• Bill says:

      Bravo Northumberland! The responses to this post have been encouraging. I suppose I shouldn’t be surprised that folks who read this blog would tend to know blacksmiths, saddlers and the like, and live in places where their value is appreciated.

      By the way, whatever skill is needed to plow by GPS, it too is about to become obsolete. There are robots being rolled out now that do all the field work without any humans, except perhaps the “farmer” monitoring it from a laptop somewhere.


      • Deb Weyrich-Cody says:

        Skill levels? From what I’ve heard, it’s a great time to get caught up on your knitting – while babysitting GPS-enabled “farm” equipment, that is..

        Liked by 1 person

  11. jubilare says:

    And then, there’s the problem of humans being deprived of physical work. There are levels of physical labor that can be harmful and abusive, but… as I am sure you know, first hand, there is something about physical labor that is good for us, physically, mentally, and spiritually. I can’t help but think that, instead of “relieving” us of some onerous thing, we are depriving ourselves of something necessary to our wellbeing.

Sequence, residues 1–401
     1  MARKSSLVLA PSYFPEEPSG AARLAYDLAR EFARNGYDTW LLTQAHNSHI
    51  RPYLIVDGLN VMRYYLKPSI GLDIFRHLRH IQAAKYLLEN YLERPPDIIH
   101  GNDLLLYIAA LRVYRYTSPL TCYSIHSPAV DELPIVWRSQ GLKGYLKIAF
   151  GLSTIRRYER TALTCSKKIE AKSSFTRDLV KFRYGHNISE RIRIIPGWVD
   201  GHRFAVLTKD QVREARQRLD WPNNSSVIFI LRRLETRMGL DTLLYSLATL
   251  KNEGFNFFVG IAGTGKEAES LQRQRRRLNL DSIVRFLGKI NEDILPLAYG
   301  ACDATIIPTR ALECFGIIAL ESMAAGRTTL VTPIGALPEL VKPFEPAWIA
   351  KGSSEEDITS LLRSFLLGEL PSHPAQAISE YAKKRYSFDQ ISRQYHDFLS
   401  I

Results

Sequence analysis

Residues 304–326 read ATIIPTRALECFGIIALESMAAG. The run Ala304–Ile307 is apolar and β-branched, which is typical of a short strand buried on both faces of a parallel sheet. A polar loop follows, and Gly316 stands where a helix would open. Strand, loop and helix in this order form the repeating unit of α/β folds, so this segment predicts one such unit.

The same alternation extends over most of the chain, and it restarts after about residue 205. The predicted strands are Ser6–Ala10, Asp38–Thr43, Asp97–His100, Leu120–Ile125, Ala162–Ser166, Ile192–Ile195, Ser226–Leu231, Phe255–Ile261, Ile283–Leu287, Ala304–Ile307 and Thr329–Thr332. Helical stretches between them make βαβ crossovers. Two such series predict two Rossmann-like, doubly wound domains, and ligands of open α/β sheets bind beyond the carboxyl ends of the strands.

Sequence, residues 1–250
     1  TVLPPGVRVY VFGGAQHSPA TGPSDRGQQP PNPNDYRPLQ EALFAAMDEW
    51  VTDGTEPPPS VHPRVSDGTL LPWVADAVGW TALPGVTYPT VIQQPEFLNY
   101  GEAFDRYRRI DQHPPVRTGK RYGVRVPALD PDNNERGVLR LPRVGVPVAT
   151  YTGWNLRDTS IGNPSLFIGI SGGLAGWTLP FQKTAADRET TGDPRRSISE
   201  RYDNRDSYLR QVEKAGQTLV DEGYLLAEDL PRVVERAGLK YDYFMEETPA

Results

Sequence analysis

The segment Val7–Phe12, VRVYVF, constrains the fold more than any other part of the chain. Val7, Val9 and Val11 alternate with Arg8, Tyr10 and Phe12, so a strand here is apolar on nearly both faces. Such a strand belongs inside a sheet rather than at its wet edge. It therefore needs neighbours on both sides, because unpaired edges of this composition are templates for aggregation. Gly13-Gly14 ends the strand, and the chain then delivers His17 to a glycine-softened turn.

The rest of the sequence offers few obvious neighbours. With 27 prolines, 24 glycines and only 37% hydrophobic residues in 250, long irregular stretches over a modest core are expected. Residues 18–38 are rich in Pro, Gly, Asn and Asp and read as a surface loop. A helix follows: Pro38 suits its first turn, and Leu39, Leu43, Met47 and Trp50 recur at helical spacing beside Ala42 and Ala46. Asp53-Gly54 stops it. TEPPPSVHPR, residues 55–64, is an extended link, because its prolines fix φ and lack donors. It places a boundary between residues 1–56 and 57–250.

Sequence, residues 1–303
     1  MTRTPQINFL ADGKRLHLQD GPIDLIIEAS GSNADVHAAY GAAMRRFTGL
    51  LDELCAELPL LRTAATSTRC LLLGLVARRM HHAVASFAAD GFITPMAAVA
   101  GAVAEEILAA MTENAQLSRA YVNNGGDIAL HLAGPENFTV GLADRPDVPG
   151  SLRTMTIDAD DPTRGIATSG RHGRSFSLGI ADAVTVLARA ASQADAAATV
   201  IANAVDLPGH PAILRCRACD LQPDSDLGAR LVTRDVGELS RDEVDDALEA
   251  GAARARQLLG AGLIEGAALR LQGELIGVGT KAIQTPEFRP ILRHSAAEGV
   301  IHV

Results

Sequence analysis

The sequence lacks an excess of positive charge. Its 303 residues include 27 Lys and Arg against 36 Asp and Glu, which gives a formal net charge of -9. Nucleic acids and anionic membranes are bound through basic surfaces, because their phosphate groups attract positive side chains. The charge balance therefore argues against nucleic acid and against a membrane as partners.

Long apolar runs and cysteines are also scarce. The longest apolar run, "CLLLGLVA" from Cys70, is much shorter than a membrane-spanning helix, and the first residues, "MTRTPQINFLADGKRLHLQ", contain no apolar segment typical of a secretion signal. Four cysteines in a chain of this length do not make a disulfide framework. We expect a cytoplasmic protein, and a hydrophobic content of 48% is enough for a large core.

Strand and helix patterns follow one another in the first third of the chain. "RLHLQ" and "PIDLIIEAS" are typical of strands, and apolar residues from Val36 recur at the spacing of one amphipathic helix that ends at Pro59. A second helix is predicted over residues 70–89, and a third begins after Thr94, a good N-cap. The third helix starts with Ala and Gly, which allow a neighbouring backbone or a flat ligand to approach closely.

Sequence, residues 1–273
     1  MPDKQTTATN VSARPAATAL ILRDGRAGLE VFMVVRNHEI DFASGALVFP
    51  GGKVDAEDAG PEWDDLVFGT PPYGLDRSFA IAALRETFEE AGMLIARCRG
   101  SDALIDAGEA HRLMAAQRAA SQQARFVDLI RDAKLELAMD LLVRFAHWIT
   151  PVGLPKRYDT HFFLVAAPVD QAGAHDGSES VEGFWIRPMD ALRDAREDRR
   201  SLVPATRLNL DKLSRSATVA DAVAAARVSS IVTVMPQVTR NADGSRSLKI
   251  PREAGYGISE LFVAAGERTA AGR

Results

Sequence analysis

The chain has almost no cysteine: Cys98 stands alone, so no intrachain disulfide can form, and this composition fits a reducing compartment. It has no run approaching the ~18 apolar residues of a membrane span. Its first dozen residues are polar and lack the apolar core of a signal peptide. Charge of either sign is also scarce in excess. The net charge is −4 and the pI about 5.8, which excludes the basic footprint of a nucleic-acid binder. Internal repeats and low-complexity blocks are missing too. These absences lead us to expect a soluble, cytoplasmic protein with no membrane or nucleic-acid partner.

• Bill says:

      Amen. Your comment brings to mind this from Wendell Berry:

      The old and honorable idea of “vocation” is simply that we each are called, by God, or by our gifts, or by our preference, to a kind of good work for which we are particularly fitted. Implicit in this idea is the evidently startling possibility that we might work willingly, and that there is no necessary contradiction between work and happiness or satisfaction.

      Only in the absence of any viable idea of vocation or good work can one make the distinction implied in such phrases as “less work, more life” or “work-life balance,” as if one commutes daily from life here to work there.

      But aren’t we living even when we are most miserably and harmfully at work?

      And isn’t that exactly why we object (when we do object) to bad work?